The Potter's House of Denver dedicated their Sunday services to Nelson Mandela's memory as members gathered to praise and worship while they heard an inspiring message on Mandela's legacy.
Led by Dr. Chris Hill, who is considered by many as Bishop T.D. Jake's protégé, the 7,000-member congregation is one of the largest churches in Colorado that brings together members of different multicultural backgrounds each Sunday. Hill preached his encouraging message, "Letters from Robben Island," in reference to Mandela's prison site and to make the point that any man can change a nation.
"We're losing the people that truly inspire…Still, the 11 o'clock hour on Sundays is the most segregated hour in the country so this church is living against that tide," said Hill, reports Denver's KDVR-TV. "To us, Nelson Mandela, his work with desegregation and his work with unifying a country has great significance." more >>
A group of more than 60 clergy have signed and sent a letter to the owner of a National Football League team demanding that the franchise change its Native American derived name.
Circulated by the Rev. Graylan Hagler of the District of Columbia, the letter calls on the Washington Redskins to change their team name.
Christian leaders have expressed their sentiments of remembrance and sorrow at the news of the death of South African human rights activist and racial pioneer Nelson Mandela.
Dr. Geoff Tunnicliffe, secretary-general of the World Evangelical Alliance, said in a statement that "the world has lost a great leader."
"Nelson Mandela was a model of courage, vision and personal sacrifice. Today more than ever we need this kind of leadership," said Tunnicliffe. more >>
The new film "Mandela: Long Walk to Freedom" teaches important lessons, but it fails to capture the main character's deeper motivations and show how the Christian faith condemns the evils of apartheid, Christian reviewers said. Nelson Mandela, the South African civil rights leader, passed away Thursday at the age of 95.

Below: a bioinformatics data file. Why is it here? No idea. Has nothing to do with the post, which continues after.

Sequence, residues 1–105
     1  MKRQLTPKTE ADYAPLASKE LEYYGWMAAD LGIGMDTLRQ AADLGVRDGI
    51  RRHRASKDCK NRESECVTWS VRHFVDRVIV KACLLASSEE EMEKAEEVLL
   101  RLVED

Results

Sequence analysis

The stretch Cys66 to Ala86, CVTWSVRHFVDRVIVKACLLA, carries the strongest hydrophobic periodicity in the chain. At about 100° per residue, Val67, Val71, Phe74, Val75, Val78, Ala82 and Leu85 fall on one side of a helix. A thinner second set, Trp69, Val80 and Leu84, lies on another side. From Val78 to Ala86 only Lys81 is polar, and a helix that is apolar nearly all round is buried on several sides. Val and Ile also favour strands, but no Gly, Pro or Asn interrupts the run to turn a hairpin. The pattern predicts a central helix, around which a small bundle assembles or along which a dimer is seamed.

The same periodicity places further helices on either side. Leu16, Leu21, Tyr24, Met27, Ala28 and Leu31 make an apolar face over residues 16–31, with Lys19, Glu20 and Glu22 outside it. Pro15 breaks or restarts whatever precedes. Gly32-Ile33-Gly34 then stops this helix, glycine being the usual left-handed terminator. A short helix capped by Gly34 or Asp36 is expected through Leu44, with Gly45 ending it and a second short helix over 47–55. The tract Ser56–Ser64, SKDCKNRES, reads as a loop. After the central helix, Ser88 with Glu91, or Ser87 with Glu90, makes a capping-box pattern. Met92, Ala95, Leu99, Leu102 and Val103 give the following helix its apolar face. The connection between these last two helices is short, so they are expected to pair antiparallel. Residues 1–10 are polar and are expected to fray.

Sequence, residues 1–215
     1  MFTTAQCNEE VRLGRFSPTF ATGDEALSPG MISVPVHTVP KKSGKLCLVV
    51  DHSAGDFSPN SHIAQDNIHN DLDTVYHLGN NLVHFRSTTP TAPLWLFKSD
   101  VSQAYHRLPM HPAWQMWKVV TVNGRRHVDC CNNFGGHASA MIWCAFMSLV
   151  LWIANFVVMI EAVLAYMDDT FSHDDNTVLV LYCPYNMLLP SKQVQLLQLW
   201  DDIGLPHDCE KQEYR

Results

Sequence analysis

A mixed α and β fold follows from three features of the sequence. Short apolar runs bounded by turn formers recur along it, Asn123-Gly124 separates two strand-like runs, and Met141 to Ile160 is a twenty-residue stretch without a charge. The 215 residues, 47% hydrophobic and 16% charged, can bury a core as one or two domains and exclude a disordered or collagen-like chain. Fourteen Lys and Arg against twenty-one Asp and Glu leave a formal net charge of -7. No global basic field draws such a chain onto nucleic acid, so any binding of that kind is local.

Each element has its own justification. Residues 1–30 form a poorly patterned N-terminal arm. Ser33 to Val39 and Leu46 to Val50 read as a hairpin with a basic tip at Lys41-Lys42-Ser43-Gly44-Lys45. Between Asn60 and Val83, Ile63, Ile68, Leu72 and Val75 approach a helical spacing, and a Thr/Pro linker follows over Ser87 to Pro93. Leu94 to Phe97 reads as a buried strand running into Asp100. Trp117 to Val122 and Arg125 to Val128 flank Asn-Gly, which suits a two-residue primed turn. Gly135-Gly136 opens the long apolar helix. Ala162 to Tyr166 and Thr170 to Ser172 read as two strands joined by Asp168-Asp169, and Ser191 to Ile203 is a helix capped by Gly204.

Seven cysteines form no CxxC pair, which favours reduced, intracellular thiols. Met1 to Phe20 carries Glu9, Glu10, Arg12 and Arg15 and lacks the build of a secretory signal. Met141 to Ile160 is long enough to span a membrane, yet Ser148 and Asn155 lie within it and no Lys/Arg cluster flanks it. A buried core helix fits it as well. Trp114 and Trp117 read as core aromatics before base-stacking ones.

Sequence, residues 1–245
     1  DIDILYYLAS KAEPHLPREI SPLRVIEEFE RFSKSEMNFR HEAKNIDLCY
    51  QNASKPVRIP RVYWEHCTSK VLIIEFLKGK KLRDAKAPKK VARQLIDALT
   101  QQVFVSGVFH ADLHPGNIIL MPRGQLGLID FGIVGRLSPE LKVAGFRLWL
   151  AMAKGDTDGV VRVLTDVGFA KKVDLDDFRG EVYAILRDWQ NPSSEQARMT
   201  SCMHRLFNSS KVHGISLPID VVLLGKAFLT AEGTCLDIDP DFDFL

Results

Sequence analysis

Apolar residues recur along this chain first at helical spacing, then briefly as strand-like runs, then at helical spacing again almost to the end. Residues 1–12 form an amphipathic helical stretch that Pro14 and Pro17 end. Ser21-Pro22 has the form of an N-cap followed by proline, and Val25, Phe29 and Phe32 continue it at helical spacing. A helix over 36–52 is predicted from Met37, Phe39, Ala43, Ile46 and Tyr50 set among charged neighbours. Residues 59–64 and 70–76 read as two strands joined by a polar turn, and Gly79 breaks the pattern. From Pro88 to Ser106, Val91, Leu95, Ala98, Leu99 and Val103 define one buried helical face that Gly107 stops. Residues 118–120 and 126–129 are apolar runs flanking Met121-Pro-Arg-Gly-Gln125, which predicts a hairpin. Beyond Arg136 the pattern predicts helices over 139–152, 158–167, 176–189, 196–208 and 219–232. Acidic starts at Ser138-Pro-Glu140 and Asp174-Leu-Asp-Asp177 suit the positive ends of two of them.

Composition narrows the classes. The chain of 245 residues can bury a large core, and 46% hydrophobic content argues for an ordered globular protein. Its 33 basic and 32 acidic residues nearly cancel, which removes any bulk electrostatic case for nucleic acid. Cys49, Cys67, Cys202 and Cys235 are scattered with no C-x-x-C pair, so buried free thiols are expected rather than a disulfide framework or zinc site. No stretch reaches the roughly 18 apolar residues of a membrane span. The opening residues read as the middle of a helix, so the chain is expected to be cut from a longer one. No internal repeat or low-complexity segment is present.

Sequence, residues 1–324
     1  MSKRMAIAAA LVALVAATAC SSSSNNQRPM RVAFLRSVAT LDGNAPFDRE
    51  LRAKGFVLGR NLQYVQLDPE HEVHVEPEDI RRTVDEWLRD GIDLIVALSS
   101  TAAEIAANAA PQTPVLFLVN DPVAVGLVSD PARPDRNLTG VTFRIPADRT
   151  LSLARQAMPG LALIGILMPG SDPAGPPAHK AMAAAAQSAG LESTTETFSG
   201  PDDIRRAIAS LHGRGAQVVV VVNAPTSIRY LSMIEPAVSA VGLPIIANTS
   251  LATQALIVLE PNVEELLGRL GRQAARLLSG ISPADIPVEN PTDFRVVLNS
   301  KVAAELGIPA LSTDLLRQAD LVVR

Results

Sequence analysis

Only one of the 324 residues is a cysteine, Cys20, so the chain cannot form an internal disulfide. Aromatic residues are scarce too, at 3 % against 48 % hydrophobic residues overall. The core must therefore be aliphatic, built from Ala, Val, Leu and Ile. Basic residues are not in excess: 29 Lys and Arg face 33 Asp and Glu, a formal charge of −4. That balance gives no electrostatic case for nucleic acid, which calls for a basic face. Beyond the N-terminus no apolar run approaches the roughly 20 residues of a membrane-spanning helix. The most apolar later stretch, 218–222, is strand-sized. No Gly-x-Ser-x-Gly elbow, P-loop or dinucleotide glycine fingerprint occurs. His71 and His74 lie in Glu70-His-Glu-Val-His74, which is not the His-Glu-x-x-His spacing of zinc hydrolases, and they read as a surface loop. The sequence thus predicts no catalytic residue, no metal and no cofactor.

"While the film is a remarkable example of forgiveness and reconciliation, it doesn't reveal the source of Mandela's ability to forgive," Craig Detweiler, associate professor of communication at Pepperdine University, told The Christian Post in an interview on Wednesday. Detweiler argued that "the film could have gotten into spirituality and faith," but didn't.
John Schmidt, associate professor of cinema and media arts at Biola University, echoed the same reservation. "I didn't feel that I got the spirit of the man, the roots of his passion for freedom and equality, which is after God's heart," Schmidt said. more >>
Four immigration activists ended their 22-day fast that was aimed to pressure lawmakers to overhaul the nation's immigration system, while a new group of advocates took their place to continue the call for an immediate vote on reform.
The demonstrators announced on Tuesday that they were ending their hunger strike after unsuccessfully, for now, prompting House Speaker John Boehner to pass immigration reform legislation.
The new group that has taken their place now includes Rep. Joe Kennedy III (D-Mass.), Rev. Gabriel Salguero, president of the National Latino Evangelical Coalition and Rev. Jim Wallis of Sojourners among others. more >>
As a professor of Chicana/o Literature at the University of California, Los Angeles, Robert Chao Romero has seen his share of students fall in love with social justice—and fall out of touch with their Christian faith.
"As a professor at UCLA for the past eight or nine years, I've met activists, especially student activists, who fall away from faith or who refused to explore faith because they believe that Christianity is a racist and classist and sexist religion," Romero told The Christian Post.
"That's the commonly held belief in [the university and activist] spaces and as a Christian myself it has broken my heart for many years to experience that," he added. more >>